The Pareto Principle - that 80 per cent of effects come from 20 percent of causes - is not lost on the channel. It's generally said that 80 percent of indirect sales revenue is generated by 20 per cent of channel partners - something that has held true for decades. But according to some, these percentages are increasing and decreasing respectively.
In a recent blog post, The 2112 Group's CEO and chief analyst, Larry Walsh, says the 80/20 rule is more accurately 90/5 - under five percent of channel partners generating 90 per cent of indirect sales revenue.
Walsh notes that while the industry "generally accepts" the 80/20 rule - with the 20 being described as "top-performing partners" - if we take a closer look, it is not quite accurate.
"In reality...that ratio is far more skewed, with five per cent or less generating 90 per cent of the revenue," Walsh writes. "Even in smaller, more focused channel programs, vendors find a great disparity between the high performers and the laggards."
Walsh is not alone in thinking that the 80/20 rule for the channel is shifting. John DeSarbo, principal and head of the sales, channel strategy and management practice at ZS Associates, says the channel currently adheres to a 90/10 rule and that if anything, the issue is growing.
"The vendors have created this problem of concentration and they're perpetuating it," DeSarbo said. "It's not just chance or happenstance, it's something that's been a consequence of the way vendors have been managing their channels for years."
He explains that vendors with non-traditional partner types, such as professional service providers (also known as "shadow partners"), display a more balanced distribution of channel sales, while vendors focused on traditional partners demonstrate larger gaps.
As vendors continue to allocate valuable resources, like channel account managers, MDF and better pricing, to their more profitable partners, smaller partners lack the human touch, resources and incentive to sell a vendor's products.
Further, vendors continue investing in top-performing partners as they are able to acquire more information on these partners, DeSarbo notes, pointing to profile data from registration and partner program participation and point of sale information.
Meanwhile, smaller partners are not as well understood and tend to get neglected.
"It's a scenario where the rich are getting richer essentially," DeSarbo said.
Thinning the herd
One approach vendors can take to address this issue is dropping partners that fail to engage in business.
In a 2017 blog, Walsh notes that the reality is that smaller partners - even those who are not underperforming or failing to engage in business - make up the vendor's long tail, which, he argues, is simply not as interesting a proposition for vendors, who want (and need) to be focused on the big money-makers in their channel.
"While the long tail does have intrinsic value, it's not nearly as valuable as the upper echelons of vendors' partner networks," Walsh writes. "Vendors need to make this clear to partners to dispel any illusions about relative value to programs. In doing so, partners will understand they aren't entitled to the same programs, resources, benefits and rewards as those partners that are investing in training, joint business planning, sales expansion and growth."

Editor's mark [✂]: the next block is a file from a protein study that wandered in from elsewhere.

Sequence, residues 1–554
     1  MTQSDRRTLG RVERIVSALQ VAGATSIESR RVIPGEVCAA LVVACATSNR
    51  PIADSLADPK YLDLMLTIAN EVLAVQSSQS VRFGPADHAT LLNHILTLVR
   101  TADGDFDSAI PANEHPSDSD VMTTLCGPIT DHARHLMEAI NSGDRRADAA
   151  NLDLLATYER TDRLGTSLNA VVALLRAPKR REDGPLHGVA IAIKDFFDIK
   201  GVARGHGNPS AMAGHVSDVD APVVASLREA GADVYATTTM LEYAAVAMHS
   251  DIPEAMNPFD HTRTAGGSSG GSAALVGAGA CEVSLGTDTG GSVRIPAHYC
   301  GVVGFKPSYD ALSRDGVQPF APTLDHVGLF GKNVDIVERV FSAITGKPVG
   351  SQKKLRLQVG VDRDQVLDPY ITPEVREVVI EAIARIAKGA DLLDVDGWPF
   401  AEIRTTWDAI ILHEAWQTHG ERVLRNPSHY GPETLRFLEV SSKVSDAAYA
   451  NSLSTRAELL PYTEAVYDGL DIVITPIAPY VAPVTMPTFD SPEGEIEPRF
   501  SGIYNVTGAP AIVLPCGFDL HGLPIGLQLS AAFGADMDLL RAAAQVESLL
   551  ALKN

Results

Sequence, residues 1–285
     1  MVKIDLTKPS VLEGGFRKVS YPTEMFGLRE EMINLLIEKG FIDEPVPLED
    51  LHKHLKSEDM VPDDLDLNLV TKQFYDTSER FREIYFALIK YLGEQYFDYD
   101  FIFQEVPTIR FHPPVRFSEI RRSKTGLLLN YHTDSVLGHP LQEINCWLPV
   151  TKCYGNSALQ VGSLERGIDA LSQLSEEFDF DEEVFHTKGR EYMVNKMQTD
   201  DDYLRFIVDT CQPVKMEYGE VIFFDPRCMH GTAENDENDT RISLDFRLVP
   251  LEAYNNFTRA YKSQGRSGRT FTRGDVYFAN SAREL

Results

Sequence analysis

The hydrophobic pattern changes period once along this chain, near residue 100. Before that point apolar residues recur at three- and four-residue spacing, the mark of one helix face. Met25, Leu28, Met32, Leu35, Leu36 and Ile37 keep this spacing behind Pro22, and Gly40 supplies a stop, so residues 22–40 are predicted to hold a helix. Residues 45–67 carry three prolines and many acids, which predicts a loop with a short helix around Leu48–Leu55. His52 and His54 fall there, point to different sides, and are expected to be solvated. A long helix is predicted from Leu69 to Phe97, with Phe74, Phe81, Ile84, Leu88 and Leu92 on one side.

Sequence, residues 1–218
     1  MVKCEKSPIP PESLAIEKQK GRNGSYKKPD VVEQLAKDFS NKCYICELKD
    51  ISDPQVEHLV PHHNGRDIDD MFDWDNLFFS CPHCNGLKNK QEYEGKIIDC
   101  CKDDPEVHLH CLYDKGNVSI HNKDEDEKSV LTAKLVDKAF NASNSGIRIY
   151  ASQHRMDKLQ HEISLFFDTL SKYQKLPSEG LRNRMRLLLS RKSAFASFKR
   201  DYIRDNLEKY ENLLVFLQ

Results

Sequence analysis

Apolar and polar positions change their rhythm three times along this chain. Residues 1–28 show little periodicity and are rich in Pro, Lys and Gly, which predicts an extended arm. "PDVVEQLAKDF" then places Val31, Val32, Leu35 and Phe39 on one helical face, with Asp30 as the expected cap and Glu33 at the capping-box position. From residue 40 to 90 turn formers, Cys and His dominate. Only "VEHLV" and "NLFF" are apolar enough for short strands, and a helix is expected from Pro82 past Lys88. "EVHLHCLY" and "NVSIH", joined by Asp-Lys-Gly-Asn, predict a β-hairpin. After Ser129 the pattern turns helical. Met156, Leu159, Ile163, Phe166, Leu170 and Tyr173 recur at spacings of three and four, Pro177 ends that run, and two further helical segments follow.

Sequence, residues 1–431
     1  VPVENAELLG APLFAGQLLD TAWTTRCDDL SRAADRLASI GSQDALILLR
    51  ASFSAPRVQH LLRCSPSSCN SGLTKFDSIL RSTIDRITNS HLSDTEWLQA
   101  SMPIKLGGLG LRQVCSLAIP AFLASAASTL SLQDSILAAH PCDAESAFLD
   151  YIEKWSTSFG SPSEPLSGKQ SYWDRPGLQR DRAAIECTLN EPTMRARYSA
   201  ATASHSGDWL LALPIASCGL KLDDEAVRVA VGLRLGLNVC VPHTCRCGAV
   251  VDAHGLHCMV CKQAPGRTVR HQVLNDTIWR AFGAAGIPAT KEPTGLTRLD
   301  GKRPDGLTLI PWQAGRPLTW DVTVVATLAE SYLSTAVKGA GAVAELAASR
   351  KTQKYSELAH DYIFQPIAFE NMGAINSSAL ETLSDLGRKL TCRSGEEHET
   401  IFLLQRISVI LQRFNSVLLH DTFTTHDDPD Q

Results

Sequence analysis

Lee House, partner at Sikich, a national VAR and SI, agrees this is a wise approach, pointing to the costs vendors face in managing partners that don't engage.
"If those vendors have to continue to invest...to manage those relationships, that's potentially going to be an expense where they're never going to realise any value," he said.
The channel partner adds it's important for vendors to prioritise investment of money and time into both top-performing partners and those investing in building business with the vendor.
Walsh notes that while the long tail is generally more profitable - because it costs less to serve those players, plus they they buy from distributors at higher prices, are not eligible for rewards and other incentives and typically don't have access to sales support - 'profitable' doesn't actually mean much.
"The long tail is entirely transactional and opportunistic," Walsh says. "On an individual basis, no long-tail partner looks interesting unless they're serving a strategic purpose, such as providing coverage in a niche or remote market. For example, I've been to [a] partner's shop in Ketchikan, Alaska, and he's never going to top a vendor's partner performance list, but he serves a useful purpose in this remote community."
On the other hand, some channel players aren't sure if thinning the herd is the right approach.
"That's a [mindset of] 'what have you done for me lately?… And if you haven't done anything for me lately, then you're not somebody I want to spend time with'," Peter Thomas, CEO of channel marketing automation software firm Averetek, says.
"My perspective is that you should make an investment in even the partners that haven't [done business] with you in a while to try to get them to do something meaningful with you.
"[Vendors] should give first because the natural order of the universe is people will give back to you when you do that. That's what partnering means. Otherwise, your channel is transactional, and if your channel is transactional, there's no loyalty and if there's no loyalty, then [partners will] pick someone else's product to sell to their customer…"
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